And we know we’ll find them because we know that much of the Web is written by comparably suggestible people. Early Web publishing was characterized by its amateur status, yes, but also by the fact that it was made up largely of enthusiasts of one stripe or another. It is little surprise, then, that most modern Web publishing continues in the enthusiast press tradition.
Trailers are just an example, really—they stand in for a wide variety of items that companies produce in order to promote their real product, and that sites report on because they appeal to enthusiasts. There’s also a heavy traffic in swag and novelty items, from the nigh unattainable Hobbit swords attracting attention to Peter Jackson’s Lord of the Rings media empire, to the ill-conceived Zombie Bait statuette Deep Silver used to promote its upcoming sequel to Dead Island. As promotional objects, these things are conceived not so much as products unto themselves, but as attention traps to lure in the enthusiasts. There’s probably no real profit to be made trying to peddle $10,000 swords, but the sheer audacity of the pitch provokes the enthusiast press to report on its existence. As advertising, it’s relatively cheap.
It isn’t always easy to gauge precisely when, but there comes a time in the life of any successful blog when treating promotional material as news turns into a losing proposition. As one of the dominant currencies of the Web, the pageview is subject to a strange form of localized inflation. The more of it you get, the less it might be worth. Perhaps the defining story of social media, by way of illustration, is the catch-22 of passing up revenue opportunities in order to build traffic… on the premise that traffic can be converted into revenue.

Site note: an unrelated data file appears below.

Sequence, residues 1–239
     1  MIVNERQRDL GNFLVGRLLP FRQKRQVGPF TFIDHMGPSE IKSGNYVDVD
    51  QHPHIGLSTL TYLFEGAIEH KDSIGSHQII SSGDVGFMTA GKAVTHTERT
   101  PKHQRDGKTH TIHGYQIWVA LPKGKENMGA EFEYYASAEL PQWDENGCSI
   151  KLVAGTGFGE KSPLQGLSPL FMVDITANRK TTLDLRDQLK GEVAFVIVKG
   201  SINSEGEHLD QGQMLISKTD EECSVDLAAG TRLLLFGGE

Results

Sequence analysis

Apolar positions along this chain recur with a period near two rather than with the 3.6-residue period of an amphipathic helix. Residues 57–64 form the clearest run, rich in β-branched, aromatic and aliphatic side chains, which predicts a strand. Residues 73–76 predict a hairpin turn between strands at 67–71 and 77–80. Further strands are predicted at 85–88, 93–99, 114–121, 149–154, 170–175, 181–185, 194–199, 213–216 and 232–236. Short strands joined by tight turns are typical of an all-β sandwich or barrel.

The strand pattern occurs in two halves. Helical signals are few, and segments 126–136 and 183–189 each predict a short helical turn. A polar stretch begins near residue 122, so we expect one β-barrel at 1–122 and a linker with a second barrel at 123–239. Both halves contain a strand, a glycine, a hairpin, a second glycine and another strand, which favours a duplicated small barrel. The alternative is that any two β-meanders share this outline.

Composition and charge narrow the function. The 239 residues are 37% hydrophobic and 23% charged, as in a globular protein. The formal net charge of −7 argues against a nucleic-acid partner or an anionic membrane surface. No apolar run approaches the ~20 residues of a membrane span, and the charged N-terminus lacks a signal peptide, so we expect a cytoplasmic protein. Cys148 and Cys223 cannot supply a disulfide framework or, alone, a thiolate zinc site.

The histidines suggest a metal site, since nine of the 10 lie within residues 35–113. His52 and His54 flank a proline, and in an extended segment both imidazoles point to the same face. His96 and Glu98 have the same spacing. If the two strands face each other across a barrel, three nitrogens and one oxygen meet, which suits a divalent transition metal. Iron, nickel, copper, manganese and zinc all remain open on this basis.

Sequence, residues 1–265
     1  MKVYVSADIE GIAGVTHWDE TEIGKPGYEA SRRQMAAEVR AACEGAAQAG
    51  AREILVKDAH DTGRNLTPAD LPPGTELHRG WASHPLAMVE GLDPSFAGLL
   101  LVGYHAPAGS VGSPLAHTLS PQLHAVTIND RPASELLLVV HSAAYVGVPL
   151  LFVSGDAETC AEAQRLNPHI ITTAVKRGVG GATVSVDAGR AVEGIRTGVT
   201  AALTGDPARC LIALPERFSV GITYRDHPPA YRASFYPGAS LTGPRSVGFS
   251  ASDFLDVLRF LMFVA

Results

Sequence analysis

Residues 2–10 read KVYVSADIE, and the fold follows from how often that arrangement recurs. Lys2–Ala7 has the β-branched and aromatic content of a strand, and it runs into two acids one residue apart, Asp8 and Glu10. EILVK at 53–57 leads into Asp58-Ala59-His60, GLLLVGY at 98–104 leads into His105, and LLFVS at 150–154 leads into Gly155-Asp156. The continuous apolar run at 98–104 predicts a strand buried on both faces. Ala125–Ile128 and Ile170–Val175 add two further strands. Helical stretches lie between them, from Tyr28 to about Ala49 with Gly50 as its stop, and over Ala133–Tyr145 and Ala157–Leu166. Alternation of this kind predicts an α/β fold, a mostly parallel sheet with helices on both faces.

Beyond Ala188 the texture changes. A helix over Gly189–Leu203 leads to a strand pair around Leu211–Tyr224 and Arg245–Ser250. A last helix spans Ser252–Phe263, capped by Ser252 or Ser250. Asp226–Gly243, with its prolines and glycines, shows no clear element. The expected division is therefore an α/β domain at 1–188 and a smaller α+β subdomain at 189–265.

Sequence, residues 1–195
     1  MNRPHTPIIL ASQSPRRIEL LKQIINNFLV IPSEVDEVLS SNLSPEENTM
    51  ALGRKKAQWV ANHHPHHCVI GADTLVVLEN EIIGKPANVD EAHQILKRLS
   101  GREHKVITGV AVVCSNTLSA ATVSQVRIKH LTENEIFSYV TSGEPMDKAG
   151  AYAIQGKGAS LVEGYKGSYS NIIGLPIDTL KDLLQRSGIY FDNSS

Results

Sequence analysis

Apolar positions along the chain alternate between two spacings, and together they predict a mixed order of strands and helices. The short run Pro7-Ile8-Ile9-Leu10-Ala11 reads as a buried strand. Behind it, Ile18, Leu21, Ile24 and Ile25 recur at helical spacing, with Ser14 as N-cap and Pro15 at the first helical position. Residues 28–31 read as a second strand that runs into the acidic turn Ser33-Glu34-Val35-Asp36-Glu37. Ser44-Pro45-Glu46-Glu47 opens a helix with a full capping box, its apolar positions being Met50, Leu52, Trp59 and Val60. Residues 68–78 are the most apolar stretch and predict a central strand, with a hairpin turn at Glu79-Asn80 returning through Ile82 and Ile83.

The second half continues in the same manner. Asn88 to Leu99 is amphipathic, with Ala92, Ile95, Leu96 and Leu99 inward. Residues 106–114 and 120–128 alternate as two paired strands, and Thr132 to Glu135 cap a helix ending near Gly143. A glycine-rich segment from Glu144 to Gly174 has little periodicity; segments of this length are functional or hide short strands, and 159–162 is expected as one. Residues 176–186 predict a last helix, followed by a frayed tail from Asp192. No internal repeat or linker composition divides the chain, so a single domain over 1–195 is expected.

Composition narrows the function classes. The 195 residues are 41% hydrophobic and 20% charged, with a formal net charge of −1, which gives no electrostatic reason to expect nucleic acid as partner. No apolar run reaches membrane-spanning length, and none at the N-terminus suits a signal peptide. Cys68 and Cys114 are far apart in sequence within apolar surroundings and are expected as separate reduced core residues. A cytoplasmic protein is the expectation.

Likewise, so long as a Web publisher functions as an enthusiast press, it can seem reasonable to report on promotional material. Posting the trailer can be, at the very least, an honest expression of your enthusiasm, and handled correctly, it can also draw other enthusiasts to your site. But if your goal is something more akin to journalism, and if you’d like to make something like a living from it, then your willingness to run ads for free—to run them, moreover, as news—becomes a liability. That exclusive trailer may seem like a good deal in terms of enthusiasm and pageviews, but you’re getting it because your site already commands an audience big enough to command the studio’s attention. The money you don’t get for running it as an ad is money you can’t spend on other resources, like investigative reporting or Hobbit swords.
Allow me to suggest an enthusiasm waiting period. For any new promotional object coming down the pipeline, ask yourself: Do I have anything to say about this that wouldn’t directly serve the goals of the marketing team of the company that produced it? If the answer is no, then wait. If, after two weeks, you still feel that it merits a new post, then by all means, run with it.
Exercising that waiting period also serves the broader interest of the publishing in general. After all, marketers might be willing to lose out on the promotional power of one or two sites, so long as they can count on a dozen other sites to promote them for free. It’s easy to see those other sites as your competitors, but so long as vendors count on free promotion, all you’re competing for are pageviews with little or no financial value attached. While the industry remains economically afloat, you can afford to be competitors, but when it comes to the seaworthiness of Web publishing, you’re all in the same boat.